[00:06:05.647] Ana Ribeiro: It is a really exciting project. It has been really exciting for everyone in the team, because we have two worlds. So we have always the 2D game that you're playing in the handheld device, plus you have the real world. So for the sound designer, for the composer, for the pixel artist, for everyone, They all have to create, and we have separate folders for, okay, this is audio for the 2D game, and audio for the real world. So the whole game is separated in folders. There's a whole game which has audio, music, sound effects, and art, all separate for the 2D game, code. We actually want to release one day that separate game, the 2D game. we could release it. And then, on the other hand, you have the real world with the classroom sounds, the music, which is the 80s, and then you have the art, which is 3D. So it feels like making two games.

[00:07:01.431] Kent Bye: Well, and there's also a little bit, like, depending on what you're looking at, if you're looking at the actual game, you hear the game. If you look up, you hear it. So there's a little bit of the blending of the realities of depending on what your focus is, then you start to have a different sound design go with that as well.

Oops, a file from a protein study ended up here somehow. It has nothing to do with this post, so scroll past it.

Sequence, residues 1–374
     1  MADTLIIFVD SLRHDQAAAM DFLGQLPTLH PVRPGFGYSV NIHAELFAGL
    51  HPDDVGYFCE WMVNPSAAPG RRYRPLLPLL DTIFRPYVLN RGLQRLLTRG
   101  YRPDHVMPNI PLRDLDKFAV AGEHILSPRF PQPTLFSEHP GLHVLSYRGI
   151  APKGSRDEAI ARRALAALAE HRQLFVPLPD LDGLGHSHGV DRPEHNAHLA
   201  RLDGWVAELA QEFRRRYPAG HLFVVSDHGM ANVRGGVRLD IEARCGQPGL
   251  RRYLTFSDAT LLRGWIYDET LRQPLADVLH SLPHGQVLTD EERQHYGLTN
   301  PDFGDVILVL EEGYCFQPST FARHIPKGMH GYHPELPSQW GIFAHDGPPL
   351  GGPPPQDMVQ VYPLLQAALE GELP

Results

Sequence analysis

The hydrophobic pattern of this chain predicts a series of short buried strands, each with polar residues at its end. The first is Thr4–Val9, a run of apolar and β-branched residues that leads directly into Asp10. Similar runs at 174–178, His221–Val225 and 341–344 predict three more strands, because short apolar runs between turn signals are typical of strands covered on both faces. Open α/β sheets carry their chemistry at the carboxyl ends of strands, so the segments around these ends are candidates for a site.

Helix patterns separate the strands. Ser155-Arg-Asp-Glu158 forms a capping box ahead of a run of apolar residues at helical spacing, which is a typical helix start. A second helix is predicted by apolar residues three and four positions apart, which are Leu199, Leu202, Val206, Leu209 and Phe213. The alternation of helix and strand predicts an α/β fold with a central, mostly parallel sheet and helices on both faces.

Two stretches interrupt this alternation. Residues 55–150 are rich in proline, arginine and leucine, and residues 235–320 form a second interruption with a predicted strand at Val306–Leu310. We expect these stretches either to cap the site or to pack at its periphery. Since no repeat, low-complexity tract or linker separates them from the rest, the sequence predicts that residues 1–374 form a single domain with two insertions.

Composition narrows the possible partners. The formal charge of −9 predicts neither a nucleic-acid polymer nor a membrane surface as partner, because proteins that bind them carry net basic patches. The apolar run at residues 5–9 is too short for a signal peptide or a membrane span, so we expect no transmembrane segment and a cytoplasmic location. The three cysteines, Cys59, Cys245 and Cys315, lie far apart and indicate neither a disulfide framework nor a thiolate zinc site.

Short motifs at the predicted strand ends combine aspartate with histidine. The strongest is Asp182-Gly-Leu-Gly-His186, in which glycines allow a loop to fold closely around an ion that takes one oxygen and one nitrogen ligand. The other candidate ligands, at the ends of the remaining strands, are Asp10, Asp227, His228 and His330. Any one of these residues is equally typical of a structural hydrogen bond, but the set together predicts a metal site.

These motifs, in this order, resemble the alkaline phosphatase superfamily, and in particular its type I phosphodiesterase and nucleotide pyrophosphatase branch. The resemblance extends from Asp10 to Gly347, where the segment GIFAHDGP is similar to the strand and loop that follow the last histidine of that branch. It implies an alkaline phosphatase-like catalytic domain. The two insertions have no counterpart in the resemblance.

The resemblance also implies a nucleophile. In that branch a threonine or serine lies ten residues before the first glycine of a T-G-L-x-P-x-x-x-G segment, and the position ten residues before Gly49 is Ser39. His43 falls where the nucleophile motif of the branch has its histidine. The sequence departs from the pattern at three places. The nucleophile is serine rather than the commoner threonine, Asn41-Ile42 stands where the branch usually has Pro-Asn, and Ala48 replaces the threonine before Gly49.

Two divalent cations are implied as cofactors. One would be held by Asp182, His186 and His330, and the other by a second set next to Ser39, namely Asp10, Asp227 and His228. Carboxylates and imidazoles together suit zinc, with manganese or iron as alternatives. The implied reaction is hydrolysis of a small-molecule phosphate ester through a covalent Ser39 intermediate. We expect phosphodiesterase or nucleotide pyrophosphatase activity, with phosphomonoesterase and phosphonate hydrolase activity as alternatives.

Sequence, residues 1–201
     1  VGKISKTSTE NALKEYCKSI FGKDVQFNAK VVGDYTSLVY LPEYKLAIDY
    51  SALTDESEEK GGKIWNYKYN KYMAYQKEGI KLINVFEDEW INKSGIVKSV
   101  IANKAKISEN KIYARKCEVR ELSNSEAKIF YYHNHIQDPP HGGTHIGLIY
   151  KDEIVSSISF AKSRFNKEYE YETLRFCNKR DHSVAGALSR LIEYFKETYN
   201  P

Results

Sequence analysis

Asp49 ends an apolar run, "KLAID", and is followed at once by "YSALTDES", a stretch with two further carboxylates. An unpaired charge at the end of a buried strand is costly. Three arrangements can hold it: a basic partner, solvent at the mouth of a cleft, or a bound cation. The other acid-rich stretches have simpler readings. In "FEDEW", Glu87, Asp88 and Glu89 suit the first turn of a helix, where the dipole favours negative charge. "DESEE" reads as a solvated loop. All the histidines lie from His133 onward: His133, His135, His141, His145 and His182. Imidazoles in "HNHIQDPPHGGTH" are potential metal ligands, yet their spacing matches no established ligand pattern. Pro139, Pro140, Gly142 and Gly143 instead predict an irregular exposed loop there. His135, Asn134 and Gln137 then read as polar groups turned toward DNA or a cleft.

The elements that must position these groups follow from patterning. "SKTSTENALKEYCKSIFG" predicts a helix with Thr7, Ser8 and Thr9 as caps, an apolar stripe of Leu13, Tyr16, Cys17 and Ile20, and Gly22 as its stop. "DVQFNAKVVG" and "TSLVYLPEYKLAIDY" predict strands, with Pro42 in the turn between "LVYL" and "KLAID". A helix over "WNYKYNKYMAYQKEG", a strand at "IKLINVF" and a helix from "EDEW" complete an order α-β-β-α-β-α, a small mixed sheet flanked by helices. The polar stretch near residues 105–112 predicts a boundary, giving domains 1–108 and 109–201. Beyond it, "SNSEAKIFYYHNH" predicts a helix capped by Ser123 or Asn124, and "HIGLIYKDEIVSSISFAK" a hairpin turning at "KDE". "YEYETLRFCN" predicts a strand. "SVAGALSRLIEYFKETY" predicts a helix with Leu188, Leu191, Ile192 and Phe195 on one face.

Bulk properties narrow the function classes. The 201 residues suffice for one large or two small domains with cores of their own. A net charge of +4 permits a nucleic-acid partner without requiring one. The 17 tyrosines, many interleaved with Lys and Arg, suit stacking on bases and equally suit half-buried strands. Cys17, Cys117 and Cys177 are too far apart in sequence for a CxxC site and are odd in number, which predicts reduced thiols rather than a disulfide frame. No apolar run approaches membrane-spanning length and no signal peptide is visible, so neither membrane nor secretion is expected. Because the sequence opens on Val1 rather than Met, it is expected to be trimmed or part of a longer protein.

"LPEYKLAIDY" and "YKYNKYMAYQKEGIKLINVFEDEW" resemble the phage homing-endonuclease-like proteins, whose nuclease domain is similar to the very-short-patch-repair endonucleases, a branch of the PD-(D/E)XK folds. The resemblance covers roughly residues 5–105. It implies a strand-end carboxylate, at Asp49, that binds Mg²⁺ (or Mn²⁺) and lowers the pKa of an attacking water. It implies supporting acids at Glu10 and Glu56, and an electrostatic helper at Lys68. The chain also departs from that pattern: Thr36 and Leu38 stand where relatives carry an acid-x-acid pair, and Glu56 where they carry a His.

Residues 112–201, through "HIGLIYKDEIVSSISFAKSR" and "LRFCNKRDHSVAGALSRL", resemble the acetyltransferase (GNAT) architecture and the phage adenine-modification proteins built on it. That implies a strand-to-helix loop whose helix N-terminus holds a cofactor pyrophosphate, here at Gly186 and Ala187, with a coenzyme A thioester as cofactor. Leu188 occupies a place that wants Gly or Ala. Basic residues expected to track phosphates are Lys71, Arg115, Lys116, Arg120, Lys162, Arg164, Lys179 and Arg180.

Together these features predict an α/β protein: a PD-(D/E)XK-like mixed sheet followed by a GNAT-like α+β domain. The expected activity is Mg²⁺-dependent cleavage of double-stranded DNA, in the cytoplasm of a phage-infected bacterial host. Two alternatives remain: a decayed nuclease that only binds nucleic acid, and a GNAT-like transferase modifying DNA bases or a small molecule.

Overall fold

[00:07:14.535] Ana Ribeiro: Yeah, we actually did the mixing a few weeks ago, just to make sure everything was OK, and then we remixed the game. And we tweaked the volumes a little bit. So we want the players to, when they look into the Game Boy, the sounds of the game, they come up louder, and you don't notice. But sadly, they're really loud. So when you play, focus on that. And then when you hide the game, you still want to hear it. But we want to make sure players don't forget they have the Game Boy. They hear it, so we kind of like make the sound a little bit more like you are down here, but not like you're actually looking at it. But you hear the Game Boy, but it's kind of like... And then when you look up, you can hear more the teacher, more the birds outside, the kids. and that feel of I'm in a classroom, feeling of your kid again, all that nostalgic that people really love it, feeling like a kid again. So we have all those sounds coming up. And then when you look to the game, you want players to be able to focus on the game. So we had to balance this really well because it's a hard edge to make sure players can get immersed in the game, but don't lose the teacher sounds, for example. You have to hear where the teacher is. You have to hear If the kids are making noise, it means the teacher is distracted. So all those distractions make a lot of noise. So you know, OK, she's distracted. I can keep playing it. But at the same time, you want to hear the game. Otherwise, you cannot enjoy that game, right? So it's a hard balance. But it's really, really challenging and really exciting for everyone, everyone in the team. gets really motivated. It's hard, but at the same time it's so fun. Like, everyone loves going back and see how a Game Boy sounds. So the sound design is worrying about, okay, this is the kind of sound that a Game Boy could do. This is the music that a Game Boy could play. And then sometimes we play of that, like the boss battle, we get like mix real world sounds with the beat sounds and we can play with some of that because at that moment you have merged the 2D and the 3D world. There's a lot going on, but it's awesome. We are having a lot of fun in all the aspects, in the art, in the audio, in the code. I'm glad it's a good question like not many people get to ask that It's really cool that you notice that those little details Because many people forget about talking about the music the audio the two games right this is two games Well music has actually been coming up a lot just for me being here at this conference this year both from you know people talking about